Zelma Maine-Jackson’s dedication to the environment spans over 35 years, covering the geosciences to environmental justice and economic revitalization in various communities, and then returning to geosciences. Throughout her career, she has maintained front-line advocacy in the nuclear industry. As an Exploration Geologist in the early 1970s with Atlantic Richfield Oil Company, she explored the Rocky Mountain Region for sandstone-type uranium deposits. After locating several successful productive mines, she entered graduate school at the University of Washington in Seattle, Washington and earned a Master in Economic Geology.
In the early 80s, she transitioned from uranium exploration to environmental remediation of uranium contamination at the U.S. Department of Energy’s 586-square-mile Hanford Nuclear Site in eastern Washington State. Hanford is one the largest environmental cleanup projects in the world, consisting of tons of legacy chemical and radioactive waste in various containment methods. Over the years, the vadose zone, groundwater and Columbia River have been impacted. In a 20-year role as a Hydrogeologist with the Washington State Department of Ecology Nuclear Waste Program, she provides technical oversight for groundwater cleanup of the radioactive and hazardous waste contamination. This effort entails collaboration and cooperation with various entities, the community and stakeholders to uphold Washington State’s legal mandate to protect human health and the environment.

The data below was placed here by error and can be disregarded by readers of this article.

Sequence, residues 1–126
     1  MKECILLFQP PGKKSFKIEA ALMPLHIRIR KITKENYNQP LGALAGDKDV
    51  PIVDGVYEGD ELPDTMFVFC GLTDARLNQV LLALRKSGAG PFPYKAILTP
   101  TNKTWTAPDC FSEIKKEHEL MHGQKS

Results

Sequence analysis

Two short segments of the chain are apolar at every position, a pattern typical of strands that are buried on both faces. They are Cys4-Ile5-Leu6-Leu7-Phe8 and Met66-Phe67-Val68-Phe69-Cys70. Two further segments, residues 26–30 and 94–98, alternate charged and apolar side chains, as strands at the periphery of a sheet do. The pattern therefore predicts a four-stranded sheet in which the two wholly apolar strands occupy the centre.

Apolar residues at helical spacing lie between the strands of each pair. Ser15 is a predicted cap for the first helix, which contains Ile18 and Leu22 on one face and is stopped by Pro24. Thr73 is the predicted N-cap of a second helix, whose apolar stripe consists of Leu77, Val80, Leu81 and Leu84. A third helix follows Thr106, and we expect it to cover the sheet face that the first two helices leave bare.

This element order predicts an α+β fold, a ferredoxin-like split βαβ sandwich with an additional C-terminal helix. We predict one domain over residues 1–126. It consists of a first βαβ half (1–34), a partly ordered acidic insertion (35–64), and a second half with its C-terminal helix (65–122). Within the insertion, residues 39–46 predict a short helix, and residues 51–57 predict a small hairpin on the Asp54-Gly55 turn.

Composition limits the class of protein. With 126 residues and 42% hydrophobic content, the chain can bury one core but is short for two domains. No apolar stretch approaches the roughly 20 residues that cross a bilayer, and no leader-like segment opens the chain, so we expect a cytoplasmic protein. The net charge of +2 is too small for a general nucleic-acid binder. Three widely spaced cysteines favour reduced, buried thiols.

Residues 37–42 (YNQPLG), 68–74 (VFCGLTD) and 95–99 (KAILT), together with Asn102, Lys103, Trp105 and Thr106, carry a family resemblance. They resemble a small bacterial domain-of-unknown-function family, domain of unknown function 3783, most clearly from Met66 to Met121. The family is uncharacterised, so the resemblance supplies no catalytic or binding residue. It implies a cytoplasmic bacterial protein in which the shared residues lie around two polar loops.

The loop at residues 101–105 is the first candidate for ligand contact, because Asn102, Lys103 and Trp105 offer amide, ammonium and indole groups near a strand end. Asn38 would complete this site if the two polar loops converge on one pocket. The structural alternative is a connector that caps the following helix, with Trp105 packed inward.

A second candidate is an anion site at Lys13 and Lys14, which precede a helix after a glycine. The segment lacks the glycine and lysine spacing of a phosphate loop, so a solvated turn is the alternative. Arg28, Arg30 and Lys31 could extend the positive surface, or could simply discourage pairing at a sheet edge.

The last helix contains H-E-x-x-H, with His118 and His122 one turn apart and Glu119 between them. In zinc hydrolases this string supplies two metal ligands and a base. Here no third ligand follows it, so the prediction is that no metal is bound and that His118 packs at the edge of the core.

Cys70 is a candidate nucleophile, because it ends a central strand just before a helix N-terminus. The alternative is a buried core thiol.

Zelma’s commitment to sustaining the environment has always extended beyond cleanup and remediation of legacy waste but also addressing disparity issues in impacted communities bordering chemical and hazardous waste sites. To integrate scientific dialog into communities across the country, she participates in various gubernational appointments, community economic revitalization, holds founding memberships in the National Association of Black Geoscientists, and board position with the American Red Cross, United Way, Rotary International, STEM education high schools and various public schools. As an indigenous member of the Gullah-Geehee Nation, she is dedicated to conserving Loggerhead sea turtles at South Carolina’s Hunting Island State Park and to sustaining and restoring wildlife population and habitats in the ACE Basin, the land drained by the Ashepoo, Combahee, and Edisto Rivers.